I would never have thought that spelling could be so much fun.   India is a young girl who is extraordinarily good at spelling.  With the strong encouragement of her eccentric family and of everyone in the small country town of Yungabilla where she lives, she summons up courage to go in the Stupendously Spectacular Spelling Bee competition.  However she has very strong doubts because she is so very shy and extremely nervous in front of crowds.   There are some very funny incidents but also some scary ones because her younger brother Boo has asthma and sometimes has to go urgently to hospital. At the beginning of each chapter, a new word and its meaning are used as chapter headings and as a guide to what will happen.  Deborah Abela uses most expressive words, such as tremulous, skulduggery and surreptitious.  This is a thoroughly enjoyable story with engaging characters, that delights in using language in a very entertaining way.  (8–11 years)  KS


Out of Wonder: Poems Celebrating Poets by Kwame Alexander with Chris Colderley and Marjory Wentworth illustrated by Ekua Holmes  hb 9780763680947 $25.00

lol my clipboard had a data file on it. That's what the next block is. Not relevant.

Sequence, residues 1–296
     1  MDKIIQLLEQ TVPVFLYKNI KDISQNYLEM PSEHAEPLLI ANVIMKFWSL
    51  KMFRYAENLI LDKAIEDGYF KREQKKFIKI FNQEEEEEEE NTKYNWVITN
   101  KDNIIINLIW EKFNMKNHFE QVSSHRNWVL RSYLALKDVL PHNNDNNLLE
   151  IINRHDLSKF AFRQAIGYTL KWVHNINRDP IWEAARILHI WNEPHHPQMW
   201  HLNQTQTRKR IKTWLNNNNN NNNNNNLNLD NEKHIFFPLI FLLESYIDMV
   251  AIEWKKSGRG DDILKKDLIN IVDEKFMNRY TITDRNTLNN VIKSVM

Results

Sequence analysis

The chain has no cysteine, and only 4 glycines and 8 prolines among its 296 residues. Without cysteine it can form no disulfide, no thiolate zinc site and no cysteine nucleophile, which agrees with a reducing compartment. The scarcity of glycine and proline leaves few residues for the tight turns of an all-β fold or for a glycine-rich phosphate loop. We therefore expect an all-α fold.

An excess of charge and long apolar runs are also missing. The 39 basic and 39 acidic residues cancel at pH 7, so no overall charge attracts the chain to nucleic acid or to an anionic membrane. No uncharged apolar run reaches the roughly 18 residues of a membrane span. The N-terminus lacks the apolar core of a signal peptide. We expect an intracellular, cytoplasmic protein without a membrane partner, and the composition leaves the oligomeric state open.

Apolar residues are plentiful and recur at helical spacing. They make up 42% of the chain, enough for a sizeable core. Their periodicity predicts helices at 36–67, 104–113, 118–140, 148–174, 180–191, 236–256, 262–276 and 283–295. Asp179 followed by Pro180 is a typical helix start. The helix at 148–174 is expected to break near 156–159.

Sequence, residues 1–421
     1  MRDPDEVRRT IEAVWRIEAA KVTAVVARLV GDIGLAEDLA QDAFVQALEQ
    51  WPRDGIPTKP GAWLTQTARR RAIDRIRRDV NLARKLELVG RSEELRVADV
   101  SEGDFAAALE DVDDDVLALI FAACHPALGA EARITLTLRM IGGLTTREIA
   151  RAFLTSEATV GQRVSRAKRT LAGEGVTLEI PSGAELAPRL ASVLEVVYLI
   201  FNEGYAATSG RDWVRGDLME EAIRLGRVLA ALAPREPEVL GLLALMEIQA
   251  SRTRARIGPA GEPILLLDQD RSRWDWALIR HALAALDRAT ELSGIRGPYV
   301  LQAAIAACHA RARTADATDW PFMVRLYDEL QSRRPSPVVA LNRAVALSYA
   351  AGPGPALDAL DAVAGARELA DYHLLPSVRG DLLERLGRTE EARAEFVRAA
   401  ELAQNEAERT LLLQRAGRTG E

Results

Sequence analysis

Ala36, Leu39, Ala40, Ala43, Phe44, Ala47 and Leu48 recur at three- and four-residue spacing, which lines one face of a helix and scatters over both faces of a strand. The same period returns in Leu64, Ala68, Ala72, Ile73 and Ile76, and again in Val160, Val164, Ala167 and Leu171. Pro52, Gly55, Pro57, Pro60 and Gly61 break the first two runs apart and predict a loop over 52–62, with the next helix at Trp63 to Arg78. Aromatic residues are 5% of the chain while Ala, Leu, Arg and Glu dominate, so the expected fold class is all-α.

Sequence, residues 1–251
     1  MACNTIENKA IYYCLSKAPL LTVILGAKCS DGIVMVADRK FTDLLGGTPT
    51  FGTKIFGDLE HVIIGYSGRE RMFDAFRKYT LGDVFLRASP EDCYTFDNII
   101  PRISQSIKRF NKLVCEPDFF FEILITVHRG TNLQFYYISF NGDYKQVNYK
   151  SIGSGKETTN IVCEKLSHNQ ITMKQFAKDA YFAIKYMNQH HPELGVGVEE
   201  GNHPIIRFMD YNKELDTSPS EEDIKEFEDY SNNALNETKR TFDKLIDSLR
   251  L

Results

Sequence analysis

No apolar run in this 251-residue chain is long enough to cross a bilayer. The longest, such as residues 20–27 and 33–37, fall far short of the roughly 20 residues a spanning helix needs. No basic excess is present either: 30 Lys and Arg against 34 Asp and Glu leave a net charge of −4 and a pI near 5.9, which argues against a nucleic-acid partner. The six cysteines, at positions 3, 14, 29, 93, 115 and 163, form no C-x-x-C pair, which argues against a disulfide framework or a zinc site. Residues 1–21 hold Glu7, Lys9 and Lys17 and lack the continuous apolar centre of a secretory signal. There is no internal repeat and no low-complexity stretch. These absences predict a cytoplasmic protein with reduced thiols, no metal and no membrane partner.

When I first saw this book, I thought that rather than have poets writing their own poems celebrating such well loved poets, I would rather read poems by the poet being celebrated.  And yet on reading it, I changed my mind and decided that this book gives us so many additional insights into the work of these poets.  Each poem is written in the style and spirit of the poet being celebrated and this may inspire students to experiment with writing their own poems in different styles.  Kwame Alexander has written a beautiful introduction to poetry and also the importance of words and expression in his family when he was growing up and what poetry means to him now.  He is an educationalist who gives many poetry workshops.  His poems and also poems by Chris Colderley and Marjorie Wentworth are included in this collection.  The poets are mainly from the US but the others do come from round the world.   The poems are framed by beautiful vibrant illustrations emphasising the very different cultures and settings.  They are divided into three parts.  Part 1 Got Style? includes poems emphasising style and rhythm.  In Part 2 In Your Shoes – the poems suggest that we may have similar ideas.  Part 3 Thank You includes poems which may affect us in very personal ways.  This book could be an inspiration to teachers and students giving them many ideas while bringing them to a new understanding of a wide range of poems and poets. (10–15 years)  KS


Freedom Swimmer by Wai Chim pb 9781760113414 $17.00